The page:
Despite solid comparable-store sales, TJX Cos. fell short of Wall Street sales and earnings expectations in its fourth quarter.
For the fiscal 2022 fourth quarter ended January 29, the TJX posted net income of $940.2 million, or 78 cents per diluted share, versus $325.5 million, or 27 cents per share, in the year-before quarter. Net income for the pre-COVID-19 fiscal 2020 quarter was $984.8 million, or 81 cents per diluted share.
TJX missed a MarketBeat-published analyst consensus estimate of 91 cents per diluted share and fell short of a $14.19 billion sales estimate as well.
Net sales for the quarter were up 27% to $13.85 billion from the fiscal 2021 and 14% from the fiscal 2020 period, the company reported. Open-only comparable store sales in the United States advanced 13% versus fiscal 2020, with a 10% increase company-wide.
For fiscal 2022 versus fiscal 2020, company-wide, Marmaxx comps, including those from T.J. Maxx and Marshalls, increased 10% in the quarter, while comps for HomeGoods increased 22%. TJX Canada comps increased 1% and those at TJX International slipped 2%.
For full-year fiscal 2022, net income was $3.28 billion, or $2.70 per diluted share, versus $90.5 million, or seven cents per diluted share, in the year-prior quarter. Net income for fiscal 2020 was $3.27 billion, or $2.67 per diluted share.
Adjusted for the effect of a second-quarter debt extinguishment charge, fiscal 2022 diluted earnings per share were $2.85
For the full-year fiscal 2022, net sales were $48.55 billion, up 51% versus fiscal 2021 and 16% from fiscal 2020, the company stated. U.S. open-only comp-store sales advanced 17% compared to fiscal 2020 with a 15% increase company-wide.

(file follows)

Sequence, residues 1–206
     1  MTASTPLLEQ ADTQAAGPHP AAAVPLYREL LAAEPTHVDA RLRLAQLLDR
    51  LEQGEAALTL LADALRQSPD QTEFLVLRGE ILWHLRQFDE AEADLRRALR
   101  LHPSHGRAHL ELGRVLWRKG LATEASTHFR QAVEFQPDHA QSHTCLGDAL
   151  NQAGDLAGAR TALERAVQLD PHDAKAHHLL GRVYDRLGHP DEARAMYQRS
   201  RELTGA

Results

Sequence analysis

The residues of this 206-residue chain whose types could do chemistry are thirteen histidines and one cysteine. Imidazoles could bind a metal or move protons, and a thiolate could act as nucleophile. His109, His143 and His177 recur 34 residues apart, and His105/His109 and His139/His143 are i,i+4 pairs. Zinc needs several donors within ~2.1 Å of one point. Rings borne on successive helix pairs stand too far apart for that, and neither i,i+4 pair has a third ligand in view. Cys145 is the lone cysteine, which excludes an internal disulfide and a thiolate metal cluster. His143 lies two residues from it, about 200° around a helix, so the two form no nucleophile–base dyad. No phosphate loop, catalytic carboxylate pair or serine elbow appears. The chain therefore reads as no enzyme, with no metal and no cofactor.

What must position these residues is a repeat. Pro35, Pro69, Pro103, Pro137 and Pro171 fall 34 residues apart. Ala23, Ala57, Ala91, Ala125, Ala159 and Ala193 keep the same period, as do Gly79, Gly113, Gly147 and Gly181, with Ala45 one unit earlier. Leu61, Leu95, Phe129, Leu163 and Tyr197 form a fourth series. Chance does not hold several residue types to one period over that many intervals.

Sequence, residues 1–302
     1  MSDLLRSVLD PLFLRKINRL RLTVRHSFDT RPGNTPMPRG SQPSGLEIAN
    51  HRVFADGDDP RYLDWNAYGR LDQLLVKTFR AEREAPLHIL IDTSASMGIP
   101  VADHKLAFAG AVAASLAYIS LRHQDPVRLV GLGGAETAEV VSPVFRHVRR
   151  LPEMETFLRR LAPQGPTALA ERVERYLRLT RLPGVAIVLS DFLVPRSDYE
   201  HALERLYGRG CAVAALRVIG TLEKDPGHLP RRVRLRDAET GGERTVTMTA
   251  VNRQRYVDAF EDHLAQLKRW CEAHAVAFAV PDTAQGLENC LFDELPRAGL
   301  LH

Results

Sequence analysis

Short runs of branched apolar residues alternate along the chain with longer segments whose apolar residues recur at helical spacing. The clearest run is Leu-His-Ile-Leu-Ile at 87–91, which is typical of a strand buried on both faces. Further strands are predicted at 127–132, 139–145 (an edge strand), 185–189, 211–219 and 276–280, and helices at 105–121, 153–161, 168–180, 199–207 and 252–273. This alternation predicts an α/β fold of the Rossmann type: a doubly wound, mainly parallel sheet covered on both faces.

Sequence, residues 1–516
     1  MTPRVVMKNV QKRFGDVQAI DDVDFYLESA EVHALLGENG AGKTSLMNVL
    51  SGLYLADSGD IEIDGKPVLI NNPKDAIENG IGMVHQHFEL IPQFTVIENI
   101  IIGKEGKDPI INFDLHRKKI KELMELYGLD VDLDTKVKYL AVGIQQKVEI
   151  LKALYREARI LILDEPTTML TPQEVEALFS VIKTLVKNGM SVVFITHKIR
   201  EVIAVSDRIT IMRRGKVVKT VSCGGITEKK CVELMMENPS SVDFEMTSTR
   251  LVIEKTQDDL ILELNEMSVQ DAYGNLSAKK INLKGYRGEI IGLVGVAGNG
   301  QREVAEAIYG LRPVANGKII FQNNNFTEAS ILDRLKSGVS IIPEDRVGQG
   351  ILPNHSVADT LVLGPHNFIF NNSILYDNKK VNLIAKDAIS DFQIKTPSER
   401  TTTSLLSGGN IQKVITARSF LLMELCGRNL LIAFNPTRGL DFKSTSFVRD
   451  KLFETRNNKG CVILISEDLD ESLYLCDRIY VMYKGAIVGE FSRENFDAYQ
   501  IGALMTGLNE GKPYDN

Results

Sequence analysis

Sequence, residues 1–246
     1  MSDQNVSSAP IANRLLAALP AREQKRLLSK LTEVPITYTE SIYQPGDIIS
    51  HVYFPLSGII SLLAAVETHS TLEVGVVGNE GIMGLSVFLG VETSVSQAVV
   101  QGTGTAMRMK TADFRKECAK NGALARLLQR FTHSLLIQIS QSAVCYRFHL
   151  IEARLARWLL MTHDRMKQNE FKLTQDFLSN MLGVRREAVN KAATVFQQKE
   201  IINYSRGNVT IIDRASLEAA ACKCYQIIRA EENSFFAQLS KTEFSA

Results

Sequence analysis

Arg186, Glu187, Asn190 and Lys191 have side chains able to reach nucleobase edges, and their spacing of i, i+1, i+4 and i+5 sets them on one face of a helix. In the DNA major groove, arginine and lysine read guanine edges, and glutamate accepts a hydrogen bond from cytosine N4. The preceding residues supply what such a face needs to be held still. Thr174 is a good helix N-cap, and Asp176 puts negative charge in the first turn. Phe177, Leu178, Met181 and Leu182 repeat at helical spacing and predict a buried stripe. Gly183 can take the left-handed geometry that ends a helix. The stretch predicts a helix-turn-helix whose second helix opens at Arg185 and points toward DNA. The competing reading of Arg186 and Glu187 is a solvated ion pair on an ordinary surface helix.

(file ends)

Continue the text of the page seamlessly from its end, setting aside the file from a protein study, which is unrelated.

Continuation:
Open-only comps are based on days comparable stores remained open in the fourth quarter and full-year during fiscal 2022 and fiscal 2020. They exclude e-commerce and their calculation is on a constant currency basis.
In pointing to the highlights of a challenging quarter, Ernie Hermann, TJX CEO, said in a conference call that comps at U.S. home banners HomeGoods and Homesense, and in-home departments in other stores were excellent. He cited the combination of gifts and values available at TJX banners in the holiday season for the generally strong general comp results.
In the conference call, Scott Goldenberg, TJX CFO, pointed out that TJX had a substantial fourth-quarter increase in average basket across all divisions while U.S. customer traffic gained slightly.
Herrman also said that he saw inflation as an opportunity for TJX, which had been selectively adjusting retails. However, TJX sees it has a chance to take a more strategic approach to pricing going forward, checking against competition and positioning itself to advantage based on established goals.
Hermann said in announcing the financial results, “For the year, U.S. open-only comp sales were up 17% and overall open-only comp-store sales increased 15% over Fiscal 2020, with double-digit increases for both the U.S. businesses and overall TJX every quarter of the year. For the fourth quarter, we saw a 13% open-only comp sales increase for the U.S. and a 10% increase in overall open-only comps, both over 6% comp sales increases in the fourth quarter of fiscal 2020. Fourth-quarter sales were trending higher before the surges in Omicron. During the holiday selling season and throughout the year, our shoppers responded to our amazing brands, excellent values and inspiring treasure hunt shopping experience. Our home businesses across all of our divisions delivered phenomenal open-only comp-store sales performance, and overall apparel open-only comp-store sales increased high-single digits in fiscal 2022. While freight and wage cost pressures remain elevated, we are pleased that our retail pricing strategy is working very well. This gives us confidence in improving our profitability when the macro environment normalizes while continuing to offer exceptional values to customers every day. In a year when we grew sales to nearly $50 billion, we are very confident in our goal of TJX becoming an increasingly profitable, $60 billion-plus company.”